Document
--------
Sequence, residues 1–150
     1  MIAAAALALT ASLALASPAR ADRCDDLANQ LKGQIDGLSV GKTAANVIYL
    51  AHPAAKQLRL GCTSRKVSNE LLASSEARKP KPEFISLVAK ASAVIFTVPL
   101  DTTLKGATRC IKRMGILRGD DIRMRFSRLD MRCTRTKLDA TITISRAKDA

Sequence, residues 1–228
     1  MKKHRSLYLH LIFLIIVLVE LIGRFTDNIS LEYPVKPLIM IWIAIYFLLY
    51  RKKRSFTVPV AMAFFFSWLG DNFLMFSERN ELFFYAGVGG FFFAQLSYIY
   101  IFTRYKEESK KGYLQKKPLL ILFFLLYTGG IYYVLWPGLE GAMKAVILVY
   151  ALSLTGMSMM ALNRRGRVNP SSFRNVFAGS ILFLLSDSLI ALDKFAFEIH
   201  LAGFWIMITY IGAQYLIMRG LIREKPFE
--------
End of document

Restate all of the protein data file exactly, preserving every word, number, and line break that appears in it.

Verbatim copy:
Sequence, residues 1–150
     1  MIAAAALALT ASLALASPAR ADRCDDLANQ LKGQIDGLSV GKTAANVIYL
    51  AHPAAKQLRL GCTSRKVSNE LLASSEARKP KPEFISLVAK ASAVIFTVPL
   101  DTTLKGATRC IKRMGILRGD DIRMRFSRLD MRCTRTKLDA TITISRAKDA

Sequence, residues 1–228
     1  MKKHRSLYLH LIFLIIVLVE LIGRFTDNIS LEYPVKPLIM IWIAIYFLLY
    51  RKKRSFTVPV AMAFFFSWLG DNFLMFSERN ELFFYAGVGG FFFAQLSYIY
   101  IFTRYKEESK KGYLQKKPLL ILFFLLYTGG IYYVLWPGLE GAMKAVILVY
   151  ALSLTGMSMM ALNRRGRVNP SSFRNVFAGS ILFLLSDSLI ALDKFAFEIH
   201  LAGFWIMITY IGAQYLIMRG LIREKPFE